Well done, Blizzard. This is what you do well: silliness.

The troggs are hostile. I got attacked by two at once. I wasn't likely to die, but it was still better than single-pulling neutral mobs. Someone whined in general about everyone else fucking up the daily for them.

Great Father Artcius killed me. AWESOME! Guy hits hard, easily half my health per swing. Second time around I was more careful with my health. He died. I got a bag. Woo! The respawn time on the NPCs seems a bit fast, since I think I'm the only person around.

The Paintinator has too short of a range. How does it make any sense to disable the sentry if I've already gotten close enough to aggro it and even get hit?

The battle with evil gnome wasn't all that impressive. It got worse when I saw that all the sentry bots were back. The celebration seemed lame. The music felt out of place.

Then it was off to Dun Morogh proper for the final disappointment. There are three gnomes pushing carts of rockets. Somehow, against all odds and all sense, they made it all the way to the gate without anyone exploding. Then they despawned. So much lost potential.

The first few quests were absolute garbage. Then they got better and turned into a good bit of fun, with a bit of gnomish silliness here and there, as is appropriate and expected. The big event of the area was a stunning disappointment.

So there's the gnome-specific content. It took a bit under two hours and got me about halfway to level 7. It doesn't actually take that long, but I kept tabbing out to write this and at some point, make lunch. I will use that as my measurement. I ate lunch late. So there we go, the gnome campaign was good enough to keep me playing through a bit of hunger. Not a ton, but a bit. I think that qualifies it for a thumbs-up.

Maybe this weekend I will get him up to level 20 and can tell a bit what the very early game priest experience is like. But that is for later.

What would get me to resub to WoW: Part 2

| Thursday, September 22, 2011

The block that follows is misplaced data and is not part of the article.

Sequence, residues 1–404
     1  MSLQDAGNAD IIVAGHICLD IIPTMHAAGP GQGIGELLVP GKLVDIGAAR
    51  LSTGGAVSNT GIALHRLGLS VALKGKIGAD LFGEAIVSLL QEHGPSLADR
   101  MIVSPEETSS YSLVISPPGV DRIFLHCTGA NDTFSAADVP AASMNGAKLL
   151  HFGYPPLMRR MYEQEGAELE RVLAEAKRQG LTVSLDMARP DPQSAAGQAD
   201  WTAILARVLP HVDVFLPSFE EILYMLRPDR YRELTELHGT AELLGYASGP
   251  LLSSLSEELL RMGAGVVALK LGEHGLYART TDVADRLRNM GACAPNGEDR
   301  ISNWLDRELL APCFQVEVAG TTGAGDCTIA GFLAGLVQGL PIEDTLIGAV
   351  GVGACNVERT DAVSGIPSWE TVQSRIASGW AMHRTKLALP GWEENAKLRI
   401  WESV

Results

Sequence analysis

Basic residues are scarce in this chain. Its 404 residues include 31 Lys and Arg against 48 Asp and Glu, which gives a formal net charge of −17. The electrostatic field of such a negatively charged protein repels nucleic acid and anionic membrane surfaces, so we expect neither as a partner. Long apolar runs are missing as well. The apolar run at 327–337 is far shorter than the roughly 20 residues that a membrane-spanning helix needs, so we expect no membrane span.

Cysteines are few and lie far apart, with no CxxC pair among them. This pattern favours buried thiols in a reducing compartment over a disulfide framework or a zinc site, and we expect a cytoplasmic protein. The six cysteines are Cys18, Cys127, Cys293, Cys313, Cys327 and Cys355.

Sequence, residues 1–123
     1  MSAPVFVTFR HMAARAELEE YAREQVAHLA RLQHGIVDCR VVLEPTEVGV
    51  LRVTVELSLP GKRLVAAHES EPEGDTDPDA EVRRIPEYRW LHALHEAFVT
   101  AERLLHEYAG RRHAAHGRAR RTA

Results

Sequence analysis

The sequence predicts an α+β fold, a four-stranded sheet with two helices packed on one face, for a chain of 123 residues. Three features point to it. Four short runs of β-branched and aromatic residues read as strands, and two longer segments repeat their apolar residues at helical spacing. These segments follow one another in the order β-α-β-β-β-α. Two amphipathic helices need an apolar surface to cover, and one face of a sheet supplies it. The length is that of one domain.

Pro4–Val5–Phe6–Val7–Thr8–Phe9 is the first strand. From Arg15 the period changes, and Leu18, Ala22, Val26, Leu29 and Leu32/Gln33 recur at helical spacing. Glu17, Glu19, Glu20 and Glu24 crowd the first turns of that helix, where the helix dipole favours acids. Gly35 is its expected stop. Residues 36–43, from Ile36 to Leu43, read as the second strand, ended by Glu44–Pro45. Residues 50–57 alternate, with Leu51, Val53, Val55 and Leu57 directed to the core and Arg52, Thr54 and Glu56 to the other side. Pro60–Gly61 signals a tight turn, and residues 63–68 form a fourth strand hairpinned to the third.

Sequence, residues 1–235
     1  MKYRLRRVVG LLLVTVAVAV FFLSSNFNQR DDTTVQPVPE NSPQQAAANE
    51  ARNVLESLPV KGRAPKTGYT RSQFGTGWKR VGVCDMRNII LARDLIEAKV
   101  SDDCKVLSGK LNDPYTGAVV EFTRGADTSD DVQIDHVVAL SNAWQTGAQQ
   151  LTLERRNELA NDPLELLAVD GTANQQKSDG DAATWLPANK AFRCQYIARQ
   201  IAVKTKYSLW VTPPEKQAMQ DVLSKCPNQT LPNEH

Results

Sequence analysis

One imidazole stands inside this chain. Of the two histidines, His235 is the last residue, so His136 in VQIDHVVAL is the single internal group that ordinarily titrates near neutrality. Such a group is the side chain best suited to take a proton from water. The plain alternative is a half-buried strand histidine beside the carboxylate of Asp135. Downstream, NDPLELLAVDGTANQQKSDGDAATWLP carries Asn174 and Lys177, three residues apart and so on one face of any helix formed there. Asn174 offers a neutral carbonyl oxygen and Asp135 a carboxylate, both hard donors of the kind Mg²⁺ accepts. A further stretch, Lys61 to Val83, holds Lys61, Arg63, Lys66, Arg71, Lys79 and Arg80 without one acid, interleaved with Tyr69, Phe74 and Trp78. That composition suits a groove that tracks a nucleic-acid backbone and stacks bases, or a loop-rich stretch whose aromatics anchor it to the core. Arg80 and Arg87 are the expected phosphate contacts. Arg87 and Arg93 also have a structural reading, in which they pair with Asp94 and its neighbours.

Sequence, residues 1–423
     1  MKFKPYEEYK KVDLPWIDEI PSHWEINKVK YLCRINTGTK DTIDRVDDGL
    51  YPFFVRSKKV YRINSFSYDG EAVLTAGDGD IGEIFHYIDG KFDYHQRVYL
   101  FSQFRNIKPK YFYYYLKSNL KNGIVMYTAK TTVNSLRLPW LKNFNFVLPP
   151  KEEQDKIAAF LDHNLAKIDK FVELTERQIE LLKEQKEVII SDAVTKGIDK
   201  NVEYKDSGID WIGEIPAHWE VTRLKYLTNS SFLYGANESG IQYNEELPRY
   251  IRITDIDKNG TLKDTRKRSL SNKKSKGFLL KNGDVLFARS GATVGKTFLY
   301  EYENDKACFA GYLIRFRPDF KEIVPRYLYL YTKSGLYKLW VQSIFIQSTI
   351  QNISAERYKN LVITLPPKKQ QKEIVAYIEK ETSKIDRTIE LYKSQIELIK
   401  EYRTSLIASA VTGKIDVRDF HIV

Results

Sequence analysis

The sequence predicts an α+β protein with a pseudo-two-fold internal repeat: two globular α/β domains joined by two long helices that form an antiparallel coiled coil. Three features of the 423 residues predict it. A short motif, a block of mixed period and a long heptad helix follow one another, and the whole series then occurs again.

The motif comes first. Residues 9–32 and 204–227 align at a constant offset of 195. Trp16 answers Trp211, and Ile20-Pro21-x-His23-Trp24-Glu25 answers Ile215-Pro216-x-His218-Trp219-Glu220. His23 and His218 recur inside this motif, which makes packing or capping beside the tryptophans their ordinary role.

Before I say "I'll start off with", I want to start off by apologizing for the links. Blogger and Firefox are having some sort of problem together, so when I use the tool to add links it ends up deleting text and in the wrong spot. So I'm sorry about the potential need to select, copy, and paste into a new tab. Please accept my apologies and I hope to not have this problem again, as it is entirely unacceptable to demand such requirements.

I'll start off with a some assumptions, which are quite possibly wrong! The first is that I could play again, which covers both time and whatever mental state one needs to have to enjoy an MMO of the WoW-sort. Second is that my apartment will have working internet this Wednesday. On a side note, AT&T, if someone cancels because you can't activate for another month, and then you have room on the calender to activate sooner, wouldn't it be a good sales idea to call them rather than wait around on the off chance that they'll give you another chance because your competitor in the area is even worse?

This is a surprisingly difficult post to write. Maybe my assumption of the mental state is more wrong than I suspect. Too much seems to have, what's the opposite of rose-colored glasses?

Meaningful 5-mans
What the hell does that mean? I'll try out the word legitimacy. Are 5-mans legitimate content, somewhere players are supposed to be? Currently they are the equivalent of teenage summer jobs. Sure, go there for a little while, but only to save up for college or a car or because you parents won't stop nagging you otherwise. If you're not in high school, or at least college, if you are somehow a 40-year-old man with a family and you are still working at McDonalds or the local park district, something is wrong. That's what 5-mans are currently. You are expected to do them, but also to be done with them and if you have to go back, it is not a nice feeling.

In a past post I suggested that having sets from 5-mans confers legitimacy.